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  • Teaching Your Child to Delay Gratification

    Life is so hectic that delayed gratification is not as high on my list of priorities as I wish it could be. When I tell Alex that he needs to wait, I do it out of necessity rather than as a teaching tool. However, I do think that delayed gratification is extremely important and I really like the experiment mentioned in this letter at All Financial Matters from a mother to her daughter about saving for retirement:

    When you were a little girl I did an experiment with you. You didn’t know about it. I put a marshmallow on the table and told you that if you waited for 10 minutes until I got back and didn’t eat the marshmallow while I was gone, I’d give you two marshmallows when I returned. But if when I came back you had eaten the marshmallow, I wouldn’t give you a second one.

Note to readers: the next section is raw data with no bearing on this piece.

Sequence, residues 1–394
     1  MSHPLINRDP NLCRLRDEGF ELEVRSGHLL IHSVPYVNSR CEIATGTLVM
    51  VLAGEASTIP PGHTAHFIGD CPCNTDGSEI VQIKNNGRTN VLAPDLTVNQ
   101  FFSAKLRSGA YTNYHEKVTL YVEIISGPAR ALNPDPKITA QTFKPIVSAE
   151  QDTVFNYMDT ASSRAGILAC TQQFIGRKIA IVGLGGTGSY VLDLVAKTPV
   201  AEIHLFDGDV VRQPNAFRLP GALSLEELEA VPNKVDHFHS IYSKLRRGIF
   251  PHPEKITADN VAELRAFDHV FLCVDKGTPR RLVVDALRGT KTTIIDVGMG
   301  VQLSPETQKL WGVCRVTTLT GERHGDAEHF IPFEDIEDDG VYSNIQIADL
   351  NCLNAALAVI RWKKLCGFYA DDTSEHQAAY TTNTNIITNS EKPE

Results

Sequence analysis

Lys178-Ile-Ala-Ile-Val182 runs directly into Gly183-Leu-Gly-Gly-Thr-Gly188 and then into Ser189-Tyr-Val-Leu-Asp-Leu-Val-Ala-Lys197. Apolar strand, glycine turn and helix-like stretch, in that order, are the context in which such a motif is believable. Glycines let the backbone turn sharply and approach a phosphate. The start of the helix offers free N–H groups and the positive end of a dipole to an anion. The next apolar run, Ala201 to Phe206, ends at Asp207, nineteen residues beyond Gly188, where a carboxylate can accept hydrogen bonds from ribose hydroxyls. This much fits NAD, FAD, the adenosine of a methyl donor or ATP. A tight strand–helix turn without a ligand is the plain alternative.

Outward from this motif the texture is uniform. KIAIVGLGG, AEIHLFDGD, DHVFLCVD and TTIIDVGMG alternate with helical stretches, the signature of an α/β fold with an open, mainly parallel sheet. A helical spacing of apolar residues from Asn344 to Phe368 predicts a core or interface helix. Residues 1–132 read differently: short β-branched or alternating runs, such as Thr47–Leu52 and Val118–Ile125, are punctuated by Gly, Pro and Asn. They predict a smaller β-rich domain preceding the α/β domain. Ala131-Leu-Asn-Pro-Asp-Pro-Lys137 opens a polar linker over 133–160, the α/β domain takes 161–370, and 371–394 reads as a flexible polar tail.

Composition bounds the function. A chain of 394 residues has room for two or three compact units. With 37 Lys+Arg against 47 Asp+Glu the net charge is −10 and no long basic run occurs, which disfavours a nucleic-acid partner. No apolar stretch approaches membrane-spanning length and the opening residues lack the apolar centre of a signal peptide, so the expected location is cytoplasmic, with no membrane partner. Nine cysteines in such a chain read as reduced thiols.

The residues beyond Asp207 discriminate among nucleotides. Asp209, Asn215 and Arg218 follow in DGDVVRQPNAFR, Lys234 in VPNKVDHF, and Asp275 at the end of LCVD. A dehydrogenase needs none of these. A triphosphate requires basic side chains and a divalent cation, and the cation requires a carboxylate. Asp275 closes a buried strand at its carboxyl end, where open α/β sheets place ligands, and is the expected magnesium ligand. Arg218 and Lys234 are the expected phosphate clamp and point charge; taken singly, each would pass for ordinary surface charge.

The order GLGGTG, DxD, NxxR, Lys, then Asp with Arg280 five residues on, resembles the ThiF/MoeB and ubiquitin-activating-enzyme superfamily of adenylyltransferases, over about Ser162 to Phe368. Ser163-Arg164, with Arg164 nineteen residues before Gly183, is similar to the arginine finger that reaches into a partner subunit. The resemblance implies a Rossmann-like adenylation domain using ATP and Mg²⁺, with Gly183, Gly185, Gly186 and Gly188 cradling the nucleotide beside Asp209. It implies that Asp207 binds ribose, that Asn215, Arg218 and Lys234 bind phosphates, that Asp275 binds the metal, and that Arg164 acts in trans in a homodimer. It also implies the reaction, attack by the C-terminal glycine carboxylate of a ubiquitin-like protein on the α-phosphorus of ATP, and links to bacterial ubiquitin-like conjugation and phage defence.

What did you do? You waited until I got back. And then I gave you two marshmallows which you promptly devoured with a big grin on your little face.

    I’ll probably wait until Alex is a little older to do this with him, but I think I’ll do it repeatedly over time (varying the reward) to reinforce the point that good things are worth waiting for.

    Note: The letter is long but worth reading and using as a model for your own letter to your children.

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